is the founder of OneWorld Health
, a nonprofit pharmaceutical company. The first of its kind in the U.S., OneWorld?s mission is to develop safe, effective, and affordable medicines for those most in need through collaboration with other pharmaceutical companies, governmental and non-governmental agencies, hospitals, and universities.
Hale is a MacArthur Genius Fellow
, Ashoka Fellow, Ph.D. chemist, and ? until very recently
? the CEO of OneWorld. She recently handed off the day-to-day operations, but she?s staying on the board of directors and will undoubtedly stay involved.OneWorld?s most stunning achievement to date is paromomycin
, an antibiotic. Set to be manufactured and distributed in India, paromomycin could save thousands of lives a year. OneWorld?s next plan to impact the planet: making inexpensive production of mass amounts of malaria drugs a reality.
OneWorld can and does find cures, often for diseases that big pharma isn?t interested in and doesn?t find profitable. What they have a problem with is drug distribution. This isn?t new ? NextBillion guest blogger and author Nick Sullivan reported it
from last year?s Harvard Social Enterprise conference ? and it?s a problem that affects all drug companies, not just OneWorld.
So what to do about it? Distribution problems are often about infrastructure, but one way to get around that infrastructure problem is with a good business model. Perhaps Hale would be interested in HealthStore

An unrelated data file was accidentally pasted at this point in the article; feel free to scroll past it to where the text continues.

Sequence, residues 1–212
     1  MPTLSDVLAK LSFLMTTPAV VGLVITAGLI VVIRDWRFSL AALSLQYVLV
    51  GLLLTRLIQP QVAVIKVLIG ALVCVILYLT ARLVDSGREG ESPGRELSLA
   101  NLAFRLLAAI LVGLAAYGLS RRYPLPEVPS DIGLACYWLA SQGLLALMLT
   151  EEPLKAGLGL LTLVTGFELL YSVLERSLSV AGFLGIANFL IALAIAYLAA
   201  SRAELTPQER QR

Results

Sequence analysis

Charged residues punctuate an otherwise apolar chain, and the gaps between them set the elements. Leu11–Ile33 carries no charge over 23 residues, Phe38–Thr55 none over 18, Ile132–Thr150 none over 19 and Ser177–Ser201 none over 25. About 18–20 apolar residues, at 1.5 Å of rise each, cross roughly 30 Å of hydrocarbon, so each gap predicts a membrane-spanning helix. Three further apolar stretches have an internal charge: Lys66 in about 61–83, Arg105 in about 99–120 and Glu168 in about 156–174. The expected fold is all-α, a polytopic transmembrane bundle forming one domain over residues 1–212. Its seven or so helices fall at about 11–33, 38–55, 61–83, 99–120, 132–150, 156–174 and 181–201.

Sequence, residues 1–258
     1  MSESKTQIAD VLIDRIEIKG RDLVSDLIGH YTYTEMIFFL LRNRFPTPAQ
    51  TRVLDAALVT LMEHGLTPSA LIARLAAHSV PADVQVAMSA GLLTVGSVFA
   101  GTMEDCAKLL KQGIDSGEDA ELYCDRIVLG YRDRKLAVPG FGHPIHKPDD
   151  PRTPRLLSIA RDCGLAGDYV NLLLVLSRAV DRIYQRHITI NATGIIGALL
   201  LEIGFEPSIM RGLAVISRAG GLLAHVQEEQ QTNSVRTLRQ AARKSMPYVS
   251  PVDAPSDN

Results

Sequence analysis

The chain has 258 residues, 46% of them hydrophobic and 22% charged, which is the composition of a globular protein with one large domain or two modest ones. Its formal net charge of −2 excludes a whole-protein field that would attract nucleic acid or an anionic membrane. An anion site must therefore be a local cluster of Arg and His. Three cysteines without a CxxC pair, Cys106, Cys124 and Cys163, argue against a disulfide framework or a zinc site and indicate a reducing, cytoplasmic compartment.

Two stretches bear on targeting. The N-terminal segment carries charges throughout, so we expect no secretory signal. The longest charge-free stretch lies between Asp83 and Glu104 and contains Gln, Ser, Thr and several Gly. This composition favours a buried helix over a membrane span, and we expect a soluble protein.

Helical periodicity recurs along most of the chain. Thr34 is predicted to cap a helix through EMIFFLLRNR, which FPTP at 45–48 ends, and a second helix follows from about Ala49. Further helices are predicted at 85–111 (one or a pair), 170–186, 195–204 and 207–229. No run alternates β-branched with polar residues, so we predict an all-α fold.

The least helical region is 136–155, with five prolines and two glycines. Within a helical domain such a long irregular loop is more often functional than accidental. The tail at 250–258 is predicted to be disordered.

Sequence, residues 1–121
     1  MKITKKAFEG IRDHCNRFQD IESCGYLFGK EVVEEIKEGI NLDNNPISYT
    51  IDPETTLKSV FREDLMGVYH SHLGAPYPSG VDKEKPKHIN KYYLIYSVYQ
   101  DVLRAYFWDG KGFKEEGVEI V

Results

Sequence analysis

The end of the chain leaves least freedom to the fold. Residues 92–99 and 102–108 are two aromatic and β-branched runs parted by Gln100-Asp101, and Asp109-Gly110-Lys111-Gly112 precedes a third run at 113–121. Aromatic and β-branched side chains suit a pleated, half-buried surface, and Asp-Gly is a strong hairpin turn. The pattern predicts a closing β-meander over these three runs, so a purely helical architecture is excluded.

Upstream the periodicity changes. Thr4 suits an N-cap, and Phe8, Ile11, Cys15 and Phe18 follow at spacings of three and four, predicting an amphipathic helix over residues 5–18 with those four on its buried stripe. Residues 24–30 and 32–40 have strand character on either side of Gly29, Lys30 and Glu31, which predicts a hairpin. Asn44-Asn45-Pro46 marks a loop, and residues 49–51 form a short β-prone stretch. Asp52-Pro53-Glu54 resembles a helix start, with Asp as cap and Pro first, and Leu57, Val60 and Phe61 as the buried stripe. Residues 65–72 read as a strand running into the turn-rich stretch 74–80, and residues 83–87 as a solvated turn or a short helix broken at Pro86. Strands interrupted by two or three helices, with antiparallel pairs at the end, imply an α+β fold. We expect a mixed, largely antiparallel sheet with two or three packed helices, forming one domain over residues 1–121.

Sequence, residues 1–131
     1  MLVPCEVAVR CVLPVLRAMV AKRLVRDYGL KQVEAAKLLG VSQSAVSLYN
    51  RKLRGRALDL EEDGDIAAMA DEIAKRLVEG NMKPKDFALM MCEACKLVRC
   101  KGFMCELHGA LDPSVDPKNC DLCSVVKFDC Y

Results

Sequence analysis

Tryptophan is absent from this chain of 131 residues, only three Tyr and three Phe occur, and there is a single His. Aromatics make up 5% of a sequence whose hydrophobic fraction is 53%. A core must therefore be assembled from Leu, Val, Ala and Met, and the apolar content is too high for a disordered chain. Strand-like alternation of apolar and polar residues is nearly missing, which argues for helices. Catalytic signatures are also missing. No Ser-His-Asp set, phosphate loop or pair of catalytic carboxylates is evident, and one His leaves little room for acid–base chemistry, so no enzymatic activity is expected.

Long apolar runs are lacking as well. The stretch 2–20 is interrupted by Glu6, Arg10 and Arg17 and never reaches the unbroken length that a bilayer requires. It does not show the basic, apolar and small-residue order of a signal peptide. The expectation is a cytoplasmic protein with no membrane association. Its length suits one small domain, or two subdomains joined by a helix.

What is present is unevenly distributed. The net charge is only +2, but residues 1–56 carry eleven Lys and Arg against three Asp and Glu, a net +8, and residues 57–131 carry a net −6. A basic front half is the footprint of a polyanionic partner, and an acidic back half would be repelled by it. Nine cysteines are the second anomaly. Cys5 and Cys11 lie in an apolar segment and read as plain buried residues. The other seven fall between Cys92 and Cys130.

and its CFW Shops in Kenya, or in Mi Farmacita?s
80 franchised pharmacies in Mexico. OneWorld Health may not be the best organization to do the distribution, but what franchising teaches us (at least in healthcare) is that they don?t have to be. Let the nurses and the businessmen do the work.
Not familiar with franchised pharmacies? Here?s an excerpt from the HealthStore case study:
The non-profit HealthStore Foundation (HS) (formerly Sustainable Healthcare Enterprise Foundation) was founded in 1997 to ?prevent needless death and illness by sustainably improving access to essential medicines.? HS?s sixty-four for-profit HealthStore franchises serve roughly 400,000 patients per year; by 2008, it plans to expand its network to over 200 locations serving 1.5 million patients per year.
Each HealthStore franchise is owned and operated by a licensed nurse practitioner or by a community health worker with a nurse on staff, enabling outlets to offer a wide range of products and services. With locations in underserved villages and urban areas throughout Kenya, HealthStore clinics provide access to much-needed healthcare, while generating enough revenue to pay their nurse-owners and staff a competitive annual salary.
The HealthStore micro-franchise model gives local entrepreneurs the opportunity to own and operate sustainable, profitable businesses while simultaneously curtailing incentives for corruption, as franchisees risk losing their business if they fail to comply with franchise regulations. By aligning the incentives of customers, government regulators, and owner-operators, HealthStore?s franchise model is able to deliver a high quality of care to previously underserved Kenyans while realizing a healthy return on investment.
For more on franchised solutions to healthcare distribution problems, check out the case studies
on HealthStore and Mi Farmacita, and read about Medicine Shoppe
(in India) as well.